Take the 2-minute tour ×
Game Development Stack Exchange is a question and answer site for professional and independent game developers. It's 100% free, no registration required.

I'm using jMonkeyEngine to develop a game. I'm good at scripting, but math usually goes over my head. I tried the Wiki page for Quaternion, but I was far too confused to figure this out myself :P

My goal

I have a sphere with physics enabled, and I want to have it rotate based on mouse axis movement. I've got listeners set up properly so that in this method:

void roll(int axis, float tpf) {
    Quaternion rot = this.getPhysicsRotation();
    switch(axis) {
        case MouseInput.AXIS_X:
            // Rotate here
            break;
        case MouseInput.AXIS_Y:
            // Rotate here
            break;
    }
}

an axis and a value (+/-) will be provided. Once I figure out how to modify Quaternions, I'll just use RigidBodyControl.setPhysicsRotation(Quaternion) to update the rotation.

My Problem

I'm clueless about Quaternions.. I don't even know what method I'd be using. I assume Quaternion.add() or .mult() will be necessary.

Someone please help! Here's a link to jme's Quaternion class for reference.

Solution

From Zoltan's answer:

void roll(int axis, float tpf) {
    tpf *= 10;
    System.out.println("roll("+axis+","+tpf+")");
    switch(axis) {
        case MouseInput.AXIS_Y:
            Quaternion quaternion = new Quaternion();
            this.setPhysicsRotation(getPhysicsRotation().mult(quaternion.fromAngleAxis(tpf, Vector3f.UNIT_X)));
            break;
        case MouseInput.AXIS_X:
            Quaternion q = new Quaternion();
            this.setPhysicsRotation(getPhysicsRotation().mult(q.fromAngleAxis(tpf, Vector3f.UNIT_Y)));
            break;
    }
}

I'm not quite sure why case:MouseInput had to be swapped, but it works this way so.. shrug

share|improve this question
    
Don't have time for a full answer, but when working with quaternions it's pretty common to author your input data as euler angles (see Quaternion.fromAngles(float, float, float)). So generate a quaternion using an euler angle that you determine from your mouse input, then you'll probably want to do a multiply with the current angle. –  Tetrad Oct 20 '11 at 22:17
2  
"but math usually goes over my head." If that's the case, are you sure you want to program graphics? It's basically all math. –  Nicol Bolas Oct 20 '11 at 23:13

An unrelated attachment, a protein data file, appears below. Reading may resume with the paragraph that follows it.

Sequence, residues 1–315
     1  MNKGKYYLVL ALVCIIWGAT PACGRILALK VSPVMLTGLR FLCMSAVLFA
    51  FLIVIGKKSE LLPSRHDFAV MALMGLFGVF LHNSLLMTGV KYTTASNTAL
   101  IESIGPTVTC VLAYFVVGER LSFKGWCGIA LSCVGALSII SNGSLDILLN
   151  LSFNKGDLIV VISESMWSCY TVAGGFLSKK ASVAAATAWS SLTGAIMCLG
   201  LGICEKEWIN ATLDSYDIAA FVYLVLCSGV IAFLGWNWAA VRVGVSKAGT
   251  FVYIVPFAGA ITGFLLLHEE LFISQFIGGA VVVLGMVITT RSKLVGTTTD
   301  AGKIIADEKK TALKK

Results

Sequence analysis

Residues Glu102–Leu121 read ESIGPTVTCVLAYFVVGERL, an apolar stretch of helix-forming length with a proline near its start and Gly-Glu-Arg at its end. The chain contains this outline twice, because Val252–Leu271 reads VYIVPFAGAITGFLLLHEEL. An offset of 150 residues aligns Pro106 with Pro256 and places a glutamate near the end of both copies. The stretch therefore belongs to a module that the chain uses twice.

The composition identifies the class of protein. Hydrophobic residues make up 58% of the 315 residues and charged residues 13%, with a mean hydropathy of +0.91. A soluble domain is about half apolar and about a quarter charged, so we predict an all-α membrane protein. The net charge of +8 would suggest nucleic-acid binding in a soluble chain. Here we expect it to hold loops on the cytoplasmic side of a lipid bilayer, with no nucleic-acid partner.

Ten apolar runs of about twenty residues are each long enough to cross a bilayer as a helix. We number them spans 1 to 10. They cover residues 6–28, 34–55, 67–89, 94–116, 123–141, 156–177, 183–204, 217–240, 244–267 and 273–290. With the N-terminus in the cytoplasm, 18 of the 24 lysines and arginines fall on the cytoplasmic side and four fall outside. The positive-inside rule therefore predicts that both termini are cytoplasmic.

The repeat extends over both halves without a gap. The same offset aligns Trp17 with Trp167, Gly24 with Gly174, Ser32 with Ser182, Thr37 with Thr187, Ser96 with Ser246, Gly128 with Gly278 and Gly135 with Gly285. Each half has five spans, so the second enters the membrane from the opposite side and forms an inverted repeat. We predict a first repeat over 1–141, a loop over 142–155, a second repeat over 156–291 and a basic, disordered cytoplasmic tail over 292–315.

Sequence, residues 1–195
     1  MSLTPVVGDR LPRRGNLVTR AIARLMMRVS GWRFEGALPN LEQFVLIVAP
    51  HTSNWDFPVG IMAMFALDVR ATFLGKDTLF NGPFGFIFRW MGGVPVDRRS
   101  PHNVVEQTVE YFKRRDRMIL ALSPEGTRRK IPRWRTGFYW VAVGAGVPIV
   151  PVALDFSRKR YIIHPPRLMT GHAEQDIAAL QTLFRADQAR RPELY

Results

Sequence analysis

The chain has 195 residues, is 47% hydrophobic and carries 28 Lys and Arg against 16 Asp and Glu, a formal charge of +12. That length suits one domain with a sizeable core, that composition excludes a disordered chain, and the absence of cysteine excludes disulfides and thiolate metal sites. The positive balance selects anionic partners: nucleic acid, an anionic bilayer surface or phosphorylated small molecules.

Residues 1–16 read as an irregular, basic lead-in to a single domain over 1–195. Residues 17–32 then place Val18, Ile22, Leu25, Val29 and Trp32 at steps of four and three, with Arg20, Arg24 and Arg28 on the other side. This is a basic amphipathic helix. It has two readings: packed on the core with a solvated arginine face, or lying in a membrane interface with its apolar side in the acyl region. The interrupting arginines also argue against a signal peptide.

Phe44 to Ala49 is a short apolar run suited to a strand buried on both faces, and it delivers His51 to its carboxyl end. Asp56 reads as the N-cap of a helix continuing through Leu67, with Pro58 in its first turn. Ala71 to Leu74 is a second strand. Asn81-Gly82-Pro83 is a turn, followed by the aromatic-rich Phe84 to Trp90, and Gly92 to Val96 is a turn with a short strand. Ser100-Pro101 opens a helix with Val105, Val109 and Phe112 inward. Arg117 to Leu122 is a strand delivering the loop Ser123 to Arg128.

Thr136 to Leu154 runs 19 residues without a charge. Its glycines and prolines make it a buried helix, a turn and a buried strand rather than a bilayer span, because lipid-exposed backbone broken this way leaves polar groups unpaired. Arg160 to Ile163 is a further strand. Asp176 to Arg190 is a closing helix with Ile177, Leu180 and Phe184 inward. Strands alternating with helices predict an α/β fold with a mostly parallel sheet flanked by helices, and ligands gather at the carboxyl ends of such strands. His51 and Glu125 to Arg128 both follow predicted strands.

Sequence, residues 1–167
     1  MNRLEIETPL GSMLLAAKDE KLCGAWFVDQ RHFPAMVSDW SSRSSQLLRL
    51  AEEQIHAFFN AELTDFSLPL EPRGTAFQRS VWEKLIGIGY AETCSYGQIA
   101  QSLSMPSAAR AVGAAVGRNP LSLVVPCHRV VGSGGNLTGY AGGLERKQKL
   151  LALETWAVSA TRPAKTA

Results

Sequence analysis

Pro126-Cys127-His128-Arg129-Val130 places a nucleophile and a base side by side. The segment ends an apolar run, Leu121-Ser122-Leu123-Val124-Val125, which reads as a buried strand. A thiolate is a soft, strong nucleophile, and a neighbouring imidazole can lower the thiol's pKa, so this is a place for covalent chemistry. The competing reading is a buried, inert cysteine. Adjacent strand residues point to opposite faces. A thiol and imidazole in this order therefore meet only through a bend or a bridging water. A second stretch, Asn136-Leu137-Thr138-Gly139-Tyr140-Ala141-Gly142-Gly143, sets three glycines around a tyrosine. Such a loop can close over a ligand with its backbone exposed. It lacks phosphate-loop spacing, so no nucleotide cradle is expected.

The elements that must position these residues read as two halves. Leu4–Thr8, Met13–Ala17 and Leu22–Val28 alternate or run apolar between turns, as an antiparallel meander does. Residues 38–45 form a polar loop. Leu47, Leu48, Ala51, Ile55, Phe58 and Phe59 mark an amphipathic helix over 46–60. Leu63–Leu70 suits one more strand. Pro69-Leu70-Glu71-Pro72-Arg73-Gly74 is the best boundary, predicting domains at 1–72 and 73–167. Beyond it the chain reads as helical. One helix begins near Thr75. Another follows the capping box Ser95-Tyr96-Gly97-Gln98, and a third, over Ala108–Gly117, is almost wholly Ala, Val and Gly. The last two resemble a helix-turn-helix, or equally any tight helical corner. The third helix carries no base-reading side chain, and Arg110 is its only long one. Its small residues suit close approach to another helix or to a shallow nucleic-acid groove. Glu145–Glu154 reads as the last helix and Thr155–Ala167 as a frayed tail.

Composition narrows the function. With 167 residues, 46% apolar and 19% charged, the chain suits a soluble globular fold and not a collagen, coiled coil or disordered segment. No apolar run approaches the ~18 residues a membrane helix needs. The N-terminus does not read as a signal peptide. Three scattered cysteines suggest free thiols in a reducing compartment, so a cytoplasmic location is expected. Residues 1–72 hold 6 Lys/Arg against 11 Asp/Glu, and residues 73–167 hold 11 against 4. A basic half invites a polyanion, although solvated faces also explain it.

Did you look at this answer? –  Nicol Bolas Oct 20 '11 at 23:15
2  
Nicol, there's nothing wrong with attempting something new.. I've already learned a lot. Tetrad, I'll try and play with that when I'm back at my computer and get back to you. –  Snailer Oct 21 '11 at 2:16
add comment

2 Answers 2

up vote 2 down vote accepted

You don't really need to know stuff about quaternions for this. Consider the following:

Vector3f xAxis = sphere.worldToLocal(Vector3f.UNIT_X, null);
Quaternion quaternion = new Quaternion();
sphere.rotate(quaternion.fromAngleAxis(yRot, yAxis));

This will rotate your sphere about the x-axis for the given angle. You need to use worldToLocal because as you rotate your sphere around arbitrary axes, its local axes get rotated too.

As for why the y and x axis needed to be "swapped", you're not swapping anything, just think about it. When you're moving your mouse along the y-axis, you're rotating your sphere about the x-axis and vice versa. This is exactly what your code is saying.

share|improve this answer
    
RigidBodyControl doesn't have a rotate() method, just set rotation. However, this could still work.. still not at my computer, but I'll try this out too. –  Snailer Oct 21 '11 at 16:34
    
Since you used setPhysicsRotation(getPhysicsRotation().mult, you don't need worldToLocal. Notice that you don't read the xAxis and yAxis variables in your code at all. –  Zoltán Oct 24 '11 at 9:52
    
lol, yeah.. I was just excited to get it working :p –  Snailer Oct 24 '11 at 21:50
add comment

Have you considered an arcball implementation? They are relatively straightforward and produce reasonably intuitive means of manipulating objects in 3D space. Essentially, you project the mouse coordinates from the current and previous frame onto an imaginary sphere that surrounds your object (in this case, it is a sphere, so there's that) and then compute the shortest arc quaternion between the two points.

You can then convert that quaternion to a matrix to apply it. Do note that APIs choose slightly different conventions for quaternion representations and your math may need to be adjusted to account for that (I don't know what convention jMonkeyEngine employs).

share|improve this answer
add comment

Your Answer

 
discard

By posting your answer, you agree to the privacy policy and terms of service.

Not the answer you're looking for? Browse other questions tagged or ask your own question.